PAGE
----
Optimize AWS costs without architectural changes or engineering overhead

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Content level: Intermediate
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Recommendations to recognize cost savings on AWS

In this economic climate, every dollar counts. This post will focus on how you can optimize your current AWS footprint with little to no architectural changes. These suggested modifications focus on improving price-to-performance without introducing engineering overhead, large planning cycles, and significant time investment. Many of these changes can save you between 10-20% overnight. The main areas of focus are:

  1. Modernizing your Amazon Elastic Block Store (Amazon EBS) volumes
  2. Swapping out underlying compute that is backing managed services such as Amazon Relational Database Service (Amazon RDS) and Amazon Aurora
  3. Exploring the benefits of moving your Linux-based workloads to capitalize on the significant price-to-performance that AWS Graviton-based Amazon Elastic Compute Cloud (Amazon EC2) instances can provide

Understanding the basics of your AWS environment

Before diving into these three specific areas, having a general understanding of your AWS environment’s efficiency will be immensely helpful. The first place you can look to understand our AWS costs is AWS Cost Explorer. Cost Explorer has an easy-to-use interface that lets you visualize, understand, and manage your AWS costs and usage over time. By using AWS Cost Explorer, you can create custom reports to visualize your spend on AWS to help identify areas of opportunity for cost optimization.

Figure 1. Sample cost and usage graph in AWS Cost Explorer

The second place you can look to better understand your overall AWS cost and usage efficiency is the ‘Rightsizing recommendations’ feature in Cost Explorer. Rightsizing recommendations help you identify cost-saving opportunities by downsizing or terminating instances in Amazon EC2. The recommendations analyze your Amazon EC2 resources and show you underutilized EC2 instances across member accounts in a single view, so you can identify potential savings on your overall AWS spend.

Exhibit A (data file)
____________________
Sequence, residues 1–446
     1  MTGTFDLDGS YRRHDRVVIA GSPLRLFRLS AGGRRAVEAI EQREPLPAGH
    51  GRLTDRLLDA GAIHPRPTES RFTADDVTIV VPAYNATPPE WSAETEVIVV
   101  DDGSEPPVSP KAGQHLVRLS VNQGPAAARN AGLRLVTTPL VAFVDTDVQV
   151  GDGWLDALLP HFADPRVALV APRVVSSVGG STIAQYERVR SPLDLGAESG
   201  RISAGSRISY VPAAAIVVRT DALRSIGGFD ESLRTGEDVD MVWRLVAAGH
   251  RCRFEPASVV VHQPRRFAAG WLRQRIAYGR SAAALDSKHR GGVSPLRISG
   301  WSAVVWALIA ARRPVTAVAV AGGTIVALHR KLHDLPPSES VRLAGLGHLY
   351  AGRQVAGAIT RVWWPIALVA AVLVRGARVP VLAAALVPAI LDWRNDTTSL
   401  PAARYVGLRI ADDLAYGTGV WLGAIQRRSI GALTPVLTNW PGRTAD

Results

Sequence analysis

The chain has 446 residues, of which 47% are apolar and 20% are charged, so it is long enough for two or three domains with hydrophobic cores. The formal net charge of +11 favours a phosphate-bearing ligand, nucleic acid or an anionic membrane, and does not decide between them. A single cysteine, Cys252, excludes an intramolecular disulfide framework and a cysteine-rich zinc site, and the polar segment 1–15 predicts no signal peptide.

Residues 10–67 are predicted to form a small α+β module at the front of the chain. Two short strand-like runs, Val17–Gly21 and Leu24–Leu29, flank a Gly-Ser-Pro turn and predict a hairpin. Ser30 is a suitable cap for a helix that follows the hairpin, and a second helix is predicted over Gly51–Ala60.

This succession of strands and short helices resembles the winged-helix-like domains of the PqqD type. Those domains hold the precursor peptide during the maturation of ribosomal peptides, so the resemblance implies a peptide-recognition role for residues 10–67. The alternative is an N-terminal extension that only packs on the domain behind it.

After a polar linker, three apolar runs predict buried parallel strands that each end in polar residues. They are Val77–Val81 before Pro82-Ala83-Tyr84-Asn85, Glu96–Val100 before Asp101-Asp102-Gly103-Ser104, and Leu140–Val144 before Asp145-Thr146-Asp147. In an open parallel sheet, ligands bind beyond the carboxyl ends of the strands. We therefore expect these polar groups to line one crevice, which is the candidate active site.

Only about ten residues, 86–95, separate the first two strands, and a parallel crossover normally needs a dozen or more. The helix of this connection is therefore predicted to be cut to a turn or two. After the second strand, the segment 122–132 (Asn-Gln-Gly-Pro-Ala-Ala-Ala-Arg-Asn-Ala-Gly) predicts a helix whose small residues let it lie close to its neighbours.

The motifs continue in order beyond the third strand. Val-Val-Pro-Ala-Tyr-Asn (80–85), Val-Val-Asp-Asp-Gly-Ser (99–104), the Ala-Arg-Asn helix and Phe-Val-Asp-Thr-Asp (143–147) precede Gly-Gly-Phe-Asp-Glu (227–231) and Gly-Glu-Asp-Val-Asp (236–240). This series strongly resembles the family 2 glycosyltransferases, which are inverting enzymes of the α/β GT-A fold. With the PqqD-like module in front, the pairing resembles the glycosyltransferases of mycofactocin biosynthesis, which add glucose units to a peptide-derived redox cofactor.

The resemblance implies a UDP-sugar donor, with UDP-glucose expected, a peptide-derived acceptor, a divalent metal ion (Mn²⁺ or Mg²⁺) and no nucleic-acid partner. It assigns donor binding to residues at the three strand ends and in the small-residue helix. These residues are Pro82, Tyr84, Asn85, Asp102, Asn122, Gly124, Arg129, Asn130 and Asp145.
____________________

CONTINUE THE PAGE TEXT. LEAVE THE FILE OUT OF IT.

Figure 2. View of rightsizing recommendations in AWS Cost Explorer

Lastly, AWS Trusted Advisor is another great tool you can use to find cost optimization opportunities. For example, highlighting underutilized Amazon EBS Volumes and idle Amazon RDS DB instances is just one of the many cost optimization checks Trusted Advisor can perform. Cost Explorer, Rightsizing recommendations, and Trusted Advisor are great places to start any cost optimization exercise, and worth viewing at least quarterly, to reduce or hinder waste within your AWS footprint.

Now, let’s walk through three specific cost optimization modifications that can potentially save you between 10-20% overnight.

Modernizing your Amazon Elastic Block Store (Amazon EBS) volumes

The easiest way to recognize up to 20% savings on your Amazon EBS spend is to upgrade your GP2 volumes to GP3 volumes. In addition to the cost benefits, GP3 volumes give you the ability to provision IOPS independently from the storage of the volume. This gives you another opportunity to rightsize your Amazon EBS volumes as some workloads running GP2 volumes need large volume sizes to meet IOPS requirements. This upgrade requires no downtime, since you can use Amazon EBS Elastic Volumes, which give you the ability to adjust your volume size, performance, and volume type without having to detach the volume or restart the instance. All current-generation instances support Amazon EBS Elastic Volumes. Using these Volumes also guarantees that your transitional volume performance will not fall below the source volume performance.

A brief example of what the savings would look like:

Figure 3. View of potential monthly and yearly savings by transitioning from GP2 to GP3 volumes on a monthly basis

Assumptions: 150 individual 1 TB GP2 Volumes (3,000 IOPS)

Outcomes: Shows potential monthly and yearly savings by transitioning from GP2 volumes to GP3 volumes on a monthly basis.